Eating and Drinking advice

Fussy Eating

Fussy Eating

Parents often tell us that their child is a fussy eater and they worry about the amount and types of food they are  eating. They also raise concerns about their child's reluctance to try new foods

What can you do?

Eating should be a sociable and positive experience that you can share with your child. Mealtimes with children who are fussy eaters can cause a lot of stress and anxiety, however, it is really important that adults remain calm and avoid putting pressure on children to eat or drink as children can pick up on the feelings and anxiety of those around them.

Download our advice for fussy eaters:  fussy eater advice leaflet

Despite your concerns, your child might be eating a much bigger variety of foods than you think. It could be helpful to keep a food diary over a week. Download a  Food Diary

Our top tips for fussy eaters:

  • Make sure they have positive role models for meal times and snacks
  • Always offer something familiar you know your child will eat at each meal.
  • Give small portions. If these are finished, praise the child and offer more.
  • Offer finger foods as often as possible. This gives children the opportunity to touch and feel food that they are in control of. 
  • Avoid lengthy meal times—it should last no more than 20-30 minutes.
  • Let your child help out with any food related activities such as shopping, putting food away and preparing meals where appropriate.
  • Give your child the opportunity to experience messy play activities.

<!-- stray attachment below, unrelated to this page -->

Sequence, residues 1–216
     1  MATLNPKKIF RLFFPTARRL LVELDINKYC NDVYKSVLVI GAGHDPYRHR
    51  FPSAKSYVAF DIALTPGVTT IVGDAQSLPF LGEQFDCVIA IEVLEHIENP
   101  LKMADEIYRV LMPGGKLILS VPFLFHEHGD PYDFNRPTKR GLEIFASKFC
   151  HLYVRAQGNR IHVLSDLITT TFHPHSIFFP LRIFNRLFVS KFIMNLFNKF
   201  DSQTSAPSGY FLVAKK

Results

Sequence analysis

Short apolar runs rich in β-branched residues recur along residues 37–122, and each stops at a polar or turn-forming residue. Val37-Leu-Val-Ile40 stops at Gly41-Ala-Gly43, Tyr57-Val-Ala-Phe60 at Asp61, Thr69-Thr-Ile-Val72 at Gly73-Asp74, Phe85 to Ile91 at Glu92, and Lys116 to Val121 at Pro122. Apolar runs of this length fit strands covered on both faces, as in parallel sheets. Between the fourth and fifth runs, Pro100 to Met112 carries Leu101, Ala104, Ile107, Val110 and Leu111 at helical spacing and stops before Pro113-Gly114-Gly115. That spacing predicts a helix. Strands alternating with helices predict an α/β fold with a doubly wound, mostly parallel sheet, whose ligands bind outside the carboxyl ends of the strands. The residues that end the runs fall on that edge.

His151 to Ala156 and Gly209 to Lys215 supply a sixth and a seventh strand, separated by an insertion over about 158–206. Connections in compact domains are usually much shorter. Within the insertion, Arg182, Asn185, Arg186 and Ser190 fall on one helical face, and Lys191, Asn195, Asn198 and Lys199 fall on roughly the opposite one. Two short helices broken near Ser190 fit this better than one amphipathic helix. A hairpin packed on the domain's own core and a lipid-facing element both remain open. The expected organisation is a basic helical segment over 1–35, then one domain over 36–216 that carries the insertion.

• Allow your child to get messy during the mealtime and try not to clean their hands or face before the mealtime is finished.

For advice on helping children enjoy different foods:  Learning to enjoy different foods leaflet

Messy Play

How can messy play help?

Children learn about different food textures, tastes and smells by handling them and experiencing them regularly.   Experiencing foods in play can increase acceptance of new foods because there is no pressure  for them to eat the food.

Our top messy play tips:

Foods - Start with dry foods and foods that your child likes. Introduce wetter textures and less favoured foods once your child is more familiar with the idea of messy food play.

Time -  Whist you should encourage your child to explore foods at mealtimes, it is also important to introduce messy food play activities at other times. This reduces the anxieties associated with being ‘expected’ to eat the food.

Place - Play somewhere that is easy to clean. Messy mats or plastic sheeting can be very useful. The easier it is to clean up, the more your child will be able to explore and get messy.

Pace - Follow your child’s lead by copying what they do with the food. Move to the next step by showing them ideas yourself and encourage them to take a turn. 

Communication - talk to your child about what you are doing. Name the foods, use descriptive words like squish or splat, and sing, smile and laugh!

Have fun - Show your child you are enjoying the experiences too

Messy play leaflet 

Top tips messy play

Top ideas for messy play


What is Dysphagia?

Dysphagia is difficulty with swallowing. Your child may be referred to a Speech and Language therapist if they have problems with eating, drinking or swallowing.

Dysphagia referral form  

The Speech and Language Therapist may give you advice about types and textures of food. The International Dysphagia Diet Standardisation Initiative (IDDSI) is used to ensure advice is clear and consistent. Information about IDDSI descriptors

Who can be referred? 

Children who have difficulties with eating and drinking along with:

  • Evidence of potential aspiration
  • Abnormal muscle tone
  • Compromised respiratory status
  • Faltering growth
  • Evidence of persistent gastro-oesophageal reflux
  • Other high risk factors e.g Neonatal trauma, significant prematurity etc

We do not accept referrals where eating and drinking difficulties are predominantly sensory in nature and for example are associated with gastroesophageal reflux, unless this is very significant e.g., the child requires enteral feeding.